"If we say 'no, that's not good enough, that's not your standard', then players have to accept that because it comes from a place where we demand improvement for the team. We show things that are our standard and we expect those standards to be met."
So just how often have those standard been met in recent years and why have Meath struggled to find a level of consistency sufficient enough to trouble the so-called 'big guns'.
"Since I've been involved I'd say we have only met our standards maybe 50% or 60% of the time. The players know that. We have put 10 minute or half-hour spells together that have been up there, but consistency is an issue," insisted Nestor.
"The biggest example of that is last year against Dublin. If we had managed a 20-minute performance in the first-half like we produced for 25 minutes in the second-half we would have been closer. I know that's all speculation and it's easy to say when you're well beaten.
"I just don't feel that we have consistently put performances together, and the players know that. They talk very openly that they haven't earned the respect from the opposition or from our supporters because of that inconsistency.
"When you are consistently doing the same things really good, over and over again then people will want to come to see you. The supporters will see that the players are putting in a massive effort and they will get behind that, we want to give the Meath supporters that.
"To find a high level of consistency we have to get beyond our means. When you play you must go beyond your capabilities, you must push your body to an unbelievable maximum.
"They are the levels players need to be aiming for and once they break those levels of pain then it becomes normal for them and they won't know anything else.
"You see that a lot in elite performers, they go beyond all the time - they will do what it takes to achieve the necessary standards."
Another question that was raised following the Leinster SFC quarter-final win over Wicklow was why Meath would agree to playing their semi-final against Dublin in the 12-in-a-row chasing provincial champions back garden?
Nestor insists it was a no-brainer. It was either Navan or Croke Park.
"I know at the moment we seem to be a top of the ground team and the players love playing in Croke Park. We were praying that the game would be in Croke Park because we are a fast team and it suits us to play there," enthused Nestor.
"Let's call a spade a spade, the GAA have been very kind to Dublin in how they have let them play so many games in Croke Park over the years.
"They get their own dressing room, they get a lot of little gimmes. They have a nice little routine for playing in Croke Park, so to take them out of there would definitely be beneficial, but maybe only a point or two.
"I'd have loved the game to have been in either Navan or Croke Park, I'm not sure bringing them to Portlaoise or Tullamore or Nowlan Park is where I want to be when we get over the line against Dublin.
"Going training on a Tuesday and Thursday you don't dream of playing in O'Connor Park, but we do dream of playing in Croke Park.
"I work in Dublin, I nearly go out of my way to drive by Croke Park when I can, I've done the tour of the place six or seven times because I just love it there. I still get goosebumps when I drive through Phibsboro and see the stadium on the skyline.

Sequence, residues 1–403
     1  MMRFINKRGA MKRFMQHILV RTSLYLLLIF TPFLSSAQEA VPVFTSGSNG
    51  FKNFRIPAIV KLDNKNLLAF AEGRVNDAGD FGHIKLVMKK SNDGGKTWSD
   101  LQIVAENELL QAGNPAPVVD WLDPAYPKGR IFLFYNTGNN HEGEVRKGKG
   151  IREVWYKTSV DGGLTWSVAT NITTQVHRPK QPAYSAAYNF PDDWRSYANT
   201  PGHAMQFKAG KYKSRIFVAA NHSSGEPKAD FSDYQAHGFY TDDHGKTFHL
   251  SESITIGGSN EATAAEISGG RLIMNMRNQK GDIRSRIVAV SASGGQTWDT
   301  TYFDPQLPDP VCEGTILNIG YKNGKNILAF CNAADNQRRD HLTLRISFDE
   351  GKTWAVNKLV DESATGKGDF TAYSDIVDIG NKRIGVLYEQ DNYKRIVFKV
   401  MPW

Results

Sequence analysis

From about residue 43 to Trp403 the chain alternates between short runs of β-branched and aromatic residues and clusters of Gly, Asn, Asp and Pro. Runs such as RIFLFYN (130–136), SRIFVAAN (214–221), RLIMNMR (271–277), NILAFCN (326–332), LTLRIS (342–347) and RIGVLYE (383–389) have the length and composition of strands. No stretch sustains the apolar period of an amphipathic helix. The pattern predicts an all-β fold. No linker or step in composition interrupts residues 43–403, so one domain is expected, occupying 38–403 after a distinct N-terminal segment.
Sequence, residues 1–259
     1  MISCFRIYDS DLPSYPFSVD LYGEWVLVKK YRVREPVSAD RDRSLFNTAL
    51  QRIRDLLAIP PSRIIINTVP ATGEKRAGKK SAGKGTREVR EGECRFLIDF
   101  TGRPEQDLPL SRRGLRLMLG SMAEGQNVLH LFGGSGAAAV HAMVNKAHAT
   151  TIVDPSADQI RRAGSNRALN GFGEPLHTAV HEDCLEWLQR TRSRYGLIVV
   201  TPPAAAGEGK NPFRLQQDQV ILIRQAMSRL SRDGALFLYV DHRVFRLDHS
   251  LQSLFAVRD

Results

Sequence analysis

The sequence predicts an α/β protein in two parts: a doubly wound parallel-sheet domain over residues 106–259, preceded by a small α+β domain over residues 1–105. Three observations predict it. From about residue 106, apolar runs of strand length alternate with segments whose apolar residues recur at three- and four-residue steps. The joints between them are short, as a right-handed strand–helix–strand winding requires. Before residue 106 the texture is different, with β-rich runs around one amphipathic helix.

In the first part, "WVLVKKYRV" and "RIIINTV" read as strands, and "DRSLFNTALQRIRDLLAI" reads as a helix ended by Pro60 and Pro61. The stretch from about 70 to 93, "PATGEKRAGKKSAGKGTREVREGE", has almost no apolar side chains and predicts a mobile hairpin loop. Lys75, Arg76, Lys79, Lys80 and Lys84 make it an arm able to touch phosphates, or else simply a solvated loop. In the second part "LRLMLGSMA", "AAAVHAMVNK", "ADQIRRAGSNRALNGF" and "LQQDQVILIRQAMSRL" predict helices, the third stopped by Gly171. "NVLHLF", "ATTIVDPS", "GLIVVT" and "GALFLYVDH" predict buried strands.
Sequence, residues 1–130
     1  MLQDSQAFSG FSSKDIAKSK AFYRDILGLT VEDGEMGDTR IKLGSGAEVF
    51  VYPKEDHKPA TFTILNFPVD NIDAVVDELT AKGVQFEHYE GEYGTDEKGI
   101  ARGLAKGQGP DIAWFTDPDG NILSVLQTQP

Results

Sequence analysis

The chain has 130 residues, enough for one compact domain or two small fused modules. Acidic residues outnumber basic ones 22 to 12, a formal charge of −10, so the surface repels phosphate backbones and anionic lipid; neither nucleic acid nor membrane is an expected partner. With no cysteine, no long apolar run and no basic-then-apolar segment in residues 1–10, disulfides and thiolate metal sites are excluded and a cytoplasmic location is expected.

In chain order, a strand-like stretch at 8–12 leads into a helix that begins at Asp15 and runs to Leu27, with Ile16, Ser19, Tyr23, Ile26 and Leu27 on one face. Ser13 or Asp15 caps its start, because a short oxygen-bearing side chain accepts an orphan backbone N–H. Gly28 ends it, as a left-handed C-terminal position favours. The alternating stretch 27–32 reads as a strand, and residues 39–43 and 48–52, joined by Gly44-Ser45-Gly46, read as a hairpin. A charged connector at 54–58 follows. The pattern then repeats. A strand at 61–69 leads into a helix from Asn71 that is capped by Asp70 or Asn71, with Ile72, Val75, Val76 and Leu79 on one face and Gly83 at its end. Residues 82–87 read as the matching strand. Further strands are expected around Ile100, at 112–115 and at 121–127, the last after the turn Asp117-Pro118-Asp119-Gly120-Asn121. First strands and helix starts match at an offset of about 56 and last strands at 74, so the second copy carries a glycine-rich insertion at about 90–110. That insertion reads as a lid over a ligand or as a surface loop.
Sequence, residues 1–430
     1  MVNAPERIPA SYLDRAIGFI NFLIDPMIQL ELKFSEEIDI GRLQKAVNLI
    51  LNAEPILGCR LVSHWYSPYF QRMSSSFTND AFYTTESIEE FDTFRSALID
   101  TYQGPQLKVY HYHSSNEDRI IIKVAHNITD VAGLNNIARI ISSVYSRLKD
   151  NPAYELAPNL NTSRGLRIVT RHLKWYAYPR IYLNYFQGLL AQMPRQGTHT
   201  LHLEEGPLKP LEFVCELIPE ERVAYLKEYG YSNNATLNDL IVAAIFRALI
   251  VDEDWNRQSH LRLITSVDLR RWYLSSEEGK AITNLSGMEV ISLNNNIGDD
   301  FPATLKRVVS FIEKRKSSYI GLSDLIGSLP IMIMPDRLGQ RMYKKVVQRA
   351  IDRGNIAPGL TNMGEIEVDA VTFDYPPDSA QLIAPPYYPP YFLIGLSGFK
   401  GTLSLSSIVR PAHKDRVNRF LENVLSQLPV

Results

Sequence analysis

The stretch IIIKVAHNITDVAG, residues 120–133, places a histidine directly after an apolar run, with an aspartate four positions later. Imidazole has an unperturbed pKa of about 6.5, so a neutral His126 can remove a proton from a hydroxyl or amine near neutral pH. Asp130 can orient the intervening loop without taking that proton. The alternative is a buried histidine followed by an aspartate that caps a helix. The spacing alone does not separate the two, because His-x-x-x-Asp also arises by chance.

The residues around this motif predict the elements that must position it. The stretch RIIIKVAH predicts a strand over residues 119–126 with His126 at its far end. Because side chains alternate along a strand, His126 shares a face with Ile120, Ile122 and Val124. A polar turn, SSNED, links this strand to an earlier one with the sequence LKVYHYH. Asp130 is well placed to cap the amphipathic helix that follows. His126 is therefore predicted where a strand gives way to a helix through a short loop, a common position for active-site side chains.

"When I was sitting at the ladies league final took a moment to soak it in. I watched Shauna (Ennis) walking up those steps to collect the cup and was in awe, I looked out at Eamonn (Murray) on the pitch and wondered would I be as calm as he is?
"Those are the emotions we have attached to our clubs and counties and we really want to be in Croke Park when we get over Dublin."
So have Meath any chance of achieving those dreams next Sunday?
"We have been unfortunate by our geography to be in a province where we are pitted against one of the greatest Gaelic football teams of all time," laments Nestor.
"I wouldn't have understood that until I came on board last year. Sometimes there's scar tissue on your brain when it comes to playing against Dublin, that you can get so far but you can't go beyond them.
"You end up playing in fear rather than for the joy of it, but that is something we are trying to bring back. We want to bring back the joy of playing football.
"Colm and Andy would often talk to the players about letting go, about playing with a freedom, playing like they used to when they played three-goals-in. They want them to let themselves go and not play within themselves, especially coming up to weeks like this week.
"We really want players to focus on their own abilities rather than anything to do with the opposition.
"The players really enjoyed the second-half against Dublin last year. They really felt the support of the fans behind them and they want that feeling again.
"We've been starved of success as Meath people. When the girls started winning and the minors won the All-Ireland the Meath fans were coming out of the woodwork, we are crying out for a little bit of something.
"We often say to the players that if they give the Meath supporters something to cheer about then they are all-in behind them, 100%. The players felt that in the second-half last year and they want to give the supporters something again to cheer about.
"There is a lot of the fear gone, especially after the performances we had when we were in Div 1, only losing by a point or two against the top teams.
"I know our league performance and our results this year don't back that up, but between conditions, fitness, player availability and a few other factors there was plenty against us."We are looking forward to the game. Training has been excellent, the players are chomping at the bit to get going and we are ready," concluded Nestor.